Monday, October 30, 2017

Reflector ovens…in the 17th century?!

© March 9, 2012 by Carolina Capehart

On Facebook recently [2012] there was quite a lively discussion, as well as plenty of oooohhhing and ahhhhhing, amongst my assorted friends about the tin (or is it copper?) reflector oven that’s depicted in the painting below:

This is entitled simply “The Cook.” It was done by the Dutch painter Gabriel Metsu (1629-1667) and was most likely completed by him at some point between 1657 and 1662.

Yes, you read that correctly: between the years 1657 and 1662. Indeed, Metsu was a mid-17th century painter.

Now, I’ll be the first to admit it: I thought these ovens were only in use during the 19th, maybe the very late 18th, century (at least here in America). I’m not really sure why. I’ve used them often, but I’ve never really given it much thought. I’ve never investigated whether they were available/used earlier. Of course, I’ve done quite a bit of 18th century hearth cooking, but my main focus has typically been the 19th. Not to mention, that’s the time period in which I was initially trained (at Conner Prairie, back when the year 1836 was the focus). However, based on this painting, apparently reflector ovens were around, even as early as the mid-1600s.

At the same time, though, it is a Dutch painting. So perhaps reflector ovens were common in Europe, even during the 17th century, but were they also used on this side of the pond? It seems likely that they may’ve been imported. Or perhaps they were made here. However, I think it is generally believed that being a tinsmith was more of an 1800s profession. You know, due to British control of manufactured goods, that sort of thing. Or, perhaps not? It’d definitely be interesting to research this further, and to look at store inventories, newspaper ads, ship records, and other assorted documents, to see if, and when, such ovens were made in, or transported to, the colonies.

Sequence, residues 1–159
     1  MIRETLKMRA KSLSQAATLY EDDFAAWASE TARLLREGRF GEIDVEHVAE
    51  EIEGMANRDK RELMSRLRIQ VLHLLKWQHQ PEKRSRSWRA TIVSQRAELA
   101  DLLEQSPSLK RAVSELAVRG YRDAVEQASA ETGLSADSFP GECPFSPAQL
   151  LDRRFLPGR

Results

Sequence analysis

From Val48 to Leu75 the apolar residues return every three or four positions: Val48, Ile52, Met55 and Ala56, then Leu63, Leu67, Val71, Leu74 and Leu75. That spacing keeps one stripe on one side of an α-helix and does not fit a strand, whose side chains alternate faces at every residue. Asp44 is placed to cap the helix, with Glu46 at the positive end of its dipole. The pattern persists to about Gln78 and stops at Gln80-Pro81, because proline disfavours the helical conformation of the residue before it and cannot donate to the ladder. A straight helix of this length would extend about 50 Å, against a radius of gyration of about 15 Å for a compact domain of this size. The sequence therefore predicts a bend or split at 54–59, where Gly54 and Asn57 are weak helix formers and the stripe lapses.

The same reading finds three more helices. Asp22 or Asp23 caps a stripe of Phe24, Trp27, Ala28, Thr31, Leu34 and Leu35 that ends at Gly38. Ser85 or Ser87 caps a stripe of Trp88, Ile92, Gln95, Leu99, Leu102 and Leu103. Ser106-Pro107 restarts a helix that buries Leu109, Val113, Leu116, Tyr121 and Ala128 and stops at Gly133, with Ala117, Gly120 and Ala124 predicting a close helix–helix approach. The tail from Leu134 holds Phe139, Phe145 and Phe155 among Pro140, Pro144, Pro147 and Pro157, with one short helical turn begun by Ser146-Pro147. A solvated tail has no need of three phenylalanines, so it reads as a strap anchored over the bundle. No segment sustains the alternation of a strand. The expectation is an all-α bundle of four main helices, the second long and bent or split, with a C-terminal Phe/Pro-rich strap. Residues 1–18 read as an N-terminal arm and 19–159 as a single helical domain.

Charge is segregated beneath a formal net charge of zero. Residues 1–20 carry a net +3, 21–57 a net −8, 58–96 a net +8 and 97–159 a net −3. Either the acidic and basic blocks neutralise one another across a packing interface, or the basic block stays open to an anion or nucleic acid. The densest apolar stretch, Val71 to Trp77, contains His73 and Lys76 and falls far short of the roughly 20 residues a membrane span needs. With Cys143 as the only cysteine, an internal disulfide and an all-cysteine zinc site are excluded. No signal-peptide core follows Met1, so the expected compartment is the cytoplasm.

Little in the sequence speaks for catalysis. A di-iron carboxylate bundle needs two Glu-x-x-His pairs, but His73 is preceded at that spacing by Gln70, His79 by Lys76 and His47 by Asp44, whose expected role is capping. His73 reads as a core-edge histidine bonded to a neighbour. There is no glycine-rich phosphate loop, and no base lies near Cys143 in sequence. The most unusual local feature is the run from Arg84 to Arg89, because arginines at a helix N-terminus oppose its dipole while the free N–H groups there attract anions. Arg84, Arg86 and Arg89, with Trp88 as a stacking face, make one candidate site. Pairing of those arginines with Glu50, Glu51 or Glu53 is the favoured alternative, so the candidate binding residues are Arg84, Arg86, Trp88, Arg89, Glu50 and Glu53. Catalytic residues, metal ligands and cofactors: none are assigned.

In any event, when this painting and the ensuing discussion took place on Facebook, I remembered a passage I’d read in Prospect Books’ facsimile reprint of Hannah Glasse’s book, The Art of Cookery, made Plain & Easy (1747). In the glossary is this definition (and illustration) of “Tin Oven”: The reference to a tin oven, [on page] 91, is to the ‘Dutch oven’ which was in common use and which stood in front of the fire. The food being cooked was exposed to direct heat and also to reflected heat from the polished tin interior. A door in the back could be opened to permit viewing and basting.

Now, what’s interesting is that all the receipts on page 91 in Glasse’s book are for fish, and only one specifically calls for cooking the dish in “a Tin Oven.” It’s the receipt [recipe] “Salmon in Cases.” The instructions say to wrap salmon pieces in paper and “lay them on a Tin Plate.” It then states that “a Tin Oven before the Fire does best” (I imagine as opposed to a brick bake oven). Which, of course, obviously means that the fish is not put on the spit!

So, in a typical tin reflector oven, where would you put a plate of fish “in cases”? On the floor/bottom of it? But that puts it too low in relationship to the fire, yes? So, in order to gain some height, could the plate perhaps be balanced on top of the spit? Could that work, would it stay securely? (I’m thinking maybe, but not likely?) Then I thought, “Well, perhaps Glasse means one of those tin ovens with a shelf? The ones that are often used for small breads (either loose or in a pan)?” And if so, does that mean those types of tin ovens were also around in the early to mid 18th century? Makes perfect sense, yes? Or no? And so, is there possibly a slight problem with this glossary’s definition of “Tin Oven”: i.e. it’s not just the ones with a spit and basting door, but it’s also other types?

Luckily for me, I was scheduled to cook again at the hearth in the kitchen of the Israel Crane House on Sunday, March 1, which meant I’d be able to conduct my own experiments.

I could figure out just how this fish receipt was to be cooked. What fun!

So, stay tuned!

For the results of Carolina’s experiment with reflector ovens, along with photos, see her blog article: 

*****  *****  *****
 Carolina Capehart, who passed away in April 2017, dabnabit (one of her favorite words), was a friend of those of us who study and report on the 17th century.  This is my remembrance of Carolina:

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